China interrupted reporting season this weak devaluing its currency peg (the midpoint of where the…
Credit markets were partially open last week but not particularly active and investor confidence was low due to continuing stock market volatility. It is difficult to gauge investor confidence at present, but press reports over the weekend that BHP Billiton was postponing their hybrid capital raising to global investors as a result of weak credit markets suggests institutional confidence in the credit markets is low. It is our understanding that no decision has been formally made and the group will assess the market’s appetite over the coming week.
In other news this week the Bank of Queensland Limited reported strong headline results well above expectations (albeit Shine Lawyers is preparing a class action against the Bank on behalf of customers who held Bank of Queensland Money Market Deposit Accounts) and Macquarie Group entered a trading halt to raise $400 million in a share placement to institutional investors and a share purchase plan to help fund the acquisition of Esanda Deal Finance Unit from ANZ. The portfolio includes net lending assets of $7.8 billion comprising retail point-of-sale auto finance of $6.2 billion, and wholesale bailment facilities and other Esanda branded finance offered to motor vehicle dealers of $1.6 billion. The total purchase price for the portfolio is $8.23 billion and is expected to increase the common equity Tier 1 ratio is ANZ by 0.20%.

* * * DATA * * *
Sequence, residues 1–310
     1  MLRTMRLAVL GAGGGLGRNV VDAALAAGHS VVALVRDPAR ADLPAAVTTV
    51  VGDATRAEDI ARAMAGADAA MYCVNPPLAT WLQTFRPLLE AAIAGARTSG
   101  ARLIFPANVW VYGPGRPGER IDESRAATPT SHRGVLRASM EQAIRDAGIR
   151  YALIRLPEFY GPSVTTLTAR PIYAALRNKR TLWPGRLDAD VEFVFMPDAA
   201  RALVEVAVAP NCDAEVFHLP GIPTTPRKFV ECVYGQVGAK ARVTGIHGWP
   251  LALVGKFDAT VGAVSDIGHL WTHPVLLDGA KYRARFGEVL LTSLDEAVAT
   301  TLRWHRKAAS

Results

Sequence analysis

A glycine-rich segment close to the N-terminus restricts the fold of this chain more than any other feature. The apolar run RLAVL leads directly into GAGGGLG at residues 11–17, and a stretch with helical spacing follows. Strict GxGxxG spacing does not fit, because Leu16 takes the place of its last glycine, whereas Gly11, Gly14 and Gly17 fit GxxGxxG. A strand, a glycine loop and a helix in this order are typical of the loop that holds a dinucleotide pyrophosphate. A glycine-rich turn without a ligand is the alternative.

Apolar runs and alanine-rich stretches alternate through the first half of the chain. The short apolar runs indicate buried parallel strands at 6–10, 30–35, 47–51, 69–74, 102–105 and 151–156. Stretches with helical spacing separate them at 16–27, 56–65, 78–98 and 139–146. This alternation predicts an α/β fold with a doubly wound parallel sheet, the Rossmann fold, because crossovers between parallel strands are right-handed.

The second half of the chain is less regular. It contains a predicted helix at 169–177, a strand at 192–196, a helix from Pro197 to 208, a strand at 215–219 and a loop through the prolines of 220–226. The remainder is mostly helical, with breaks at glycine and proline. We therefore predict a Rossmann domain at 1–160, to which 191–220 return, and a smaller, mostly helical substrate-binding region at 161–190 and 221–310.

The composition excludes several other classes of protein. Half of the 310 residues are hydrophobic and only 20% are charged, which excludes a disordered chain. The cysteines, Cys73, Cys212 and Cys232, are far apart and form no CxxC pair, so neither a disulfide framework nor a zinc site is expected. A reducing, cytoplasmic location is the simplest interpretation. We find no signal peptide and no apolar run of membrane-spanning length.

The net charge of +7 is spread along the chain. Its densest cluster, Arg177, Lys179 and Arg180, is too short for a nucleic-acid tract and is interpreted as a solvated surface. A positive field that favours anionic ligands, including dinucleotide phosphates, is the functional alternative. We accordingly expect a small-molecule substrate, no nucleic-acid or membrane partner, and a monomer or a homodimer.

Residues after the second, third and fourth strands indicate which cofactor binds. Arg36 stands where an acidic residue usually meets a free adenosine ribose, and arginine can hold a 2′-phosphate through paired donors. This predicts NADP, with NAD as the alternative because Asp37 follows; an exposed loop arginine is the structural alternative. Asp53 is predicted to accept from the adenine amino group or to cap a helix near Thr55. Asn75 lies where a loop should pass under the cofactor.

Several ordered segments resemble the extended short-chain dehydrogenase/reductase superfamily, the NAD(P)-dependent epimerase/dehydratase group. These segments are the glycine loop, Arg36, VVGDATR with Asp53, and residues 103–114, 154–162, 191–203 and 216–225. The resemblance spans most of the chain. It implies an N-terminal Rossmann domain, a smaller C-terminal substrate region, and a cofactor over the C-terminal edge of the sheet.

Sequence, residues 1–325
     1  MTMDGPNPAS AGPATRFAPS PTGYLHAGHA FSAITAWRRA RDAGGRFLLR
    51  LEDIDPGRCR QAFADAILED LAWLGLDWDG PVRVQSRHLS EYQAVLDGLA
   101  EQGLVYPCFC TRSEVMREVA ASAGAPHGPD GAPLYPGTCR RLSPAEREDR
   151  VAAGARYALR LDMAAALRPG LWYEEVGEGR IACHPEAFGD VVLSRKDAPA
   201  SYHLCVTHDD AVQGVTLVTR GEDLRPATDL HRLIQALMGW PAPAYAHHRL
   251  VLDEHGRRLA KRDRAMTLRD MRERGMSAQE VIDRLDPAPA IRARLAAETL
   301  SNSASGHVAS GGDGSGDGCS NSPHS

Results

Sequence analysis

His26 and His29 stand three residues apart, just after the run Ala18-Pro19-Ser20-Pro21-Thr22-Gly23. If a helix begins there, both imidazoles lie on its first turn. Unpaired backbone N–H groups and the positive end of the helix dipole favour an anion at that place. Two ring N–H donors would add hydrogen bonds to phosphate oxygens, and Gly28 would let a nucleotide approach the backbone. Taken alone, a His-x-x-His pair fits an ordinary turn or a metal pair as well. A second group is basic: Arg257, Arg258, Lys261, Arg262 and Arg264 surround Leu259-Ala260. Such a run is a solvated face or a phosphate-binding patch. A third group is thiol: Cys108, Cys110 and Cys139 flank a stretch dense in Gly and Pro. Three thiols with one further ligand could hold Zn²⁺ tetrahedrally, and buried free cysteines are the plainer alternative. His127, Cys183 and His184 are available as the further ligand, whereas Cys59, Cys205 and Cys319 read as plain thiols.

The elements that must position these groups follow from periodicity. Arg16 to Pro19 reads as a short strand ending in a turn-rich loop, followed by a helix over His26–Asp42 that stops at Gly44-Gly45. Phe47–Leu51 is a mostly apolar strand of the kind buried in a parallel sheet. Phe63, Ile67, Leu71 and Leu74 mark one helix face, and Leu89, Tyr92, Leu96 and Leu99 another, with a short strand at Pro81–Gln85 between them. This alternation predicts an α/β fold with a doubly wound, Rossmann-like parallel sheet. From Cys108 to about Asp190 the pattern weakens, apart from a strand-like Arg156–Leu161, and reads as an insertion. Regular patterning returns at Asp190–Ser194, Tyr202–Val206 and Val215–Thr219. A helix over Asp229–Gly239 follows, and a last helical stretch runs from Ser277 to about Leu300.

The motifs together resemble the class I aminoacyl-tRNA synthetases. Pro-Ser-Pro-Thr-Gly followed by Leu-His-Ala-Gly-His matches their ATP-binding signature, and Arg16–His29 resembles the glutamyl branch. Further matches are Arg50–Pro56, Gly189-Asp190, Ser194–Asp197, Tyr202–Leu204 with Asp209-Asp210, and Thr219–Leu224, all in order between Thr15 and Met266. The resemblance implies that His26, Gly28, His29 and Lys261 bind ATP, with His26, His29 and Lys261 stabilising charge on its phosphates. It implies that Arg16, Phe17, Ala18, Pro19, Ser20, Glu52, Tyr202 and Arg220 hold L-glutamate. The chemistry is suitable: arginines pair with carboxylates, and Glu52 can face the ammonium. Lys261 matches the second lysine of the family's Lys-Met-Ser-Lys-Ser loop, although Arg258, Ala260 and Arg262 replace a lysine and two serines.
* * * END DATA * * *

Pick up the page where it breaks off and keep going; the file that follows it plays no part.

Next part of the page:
On Friday the US payroll numbers were disappointing with employers adding just 142,000 new jobs in September (market expectations for ~200,000). This doesn’t help the outlook for the global economy and effectively rules out any rate cut in 2015. In Australia, the RBA board meeting is on Tuesday and though Glenn Stevens said last month he was “pretty content” with the benchmark rate, interest rate markets are suggesting it is only a matter of time before they announce further cuts. In February the 10-year bond yields hit an all time low of 2.27%, before lifting to highs near 3.15% on June 11 and are now back down around 2.55%. 3-year bonds are bouncing between the 1.80 – 2.0% range (1.77% at the time of writing). We may see some support this week depending on the outcome/minutes of the RBA meeting (note that TD securities inflation expectation was higher than expected at 0.3% month on month / 1.9% year on year) but inflation (or lack of) is their key concern. As at 7 October 2015, the ASX 30 Day Interbank Cash Rate Futures October 2015 contract was trading at 98.055, indicating a 24% expectation of an interest rate decrease to 1.75% at the next RBA Board meeting (this has increased from ~7% post the Tuesday RBA board meeting).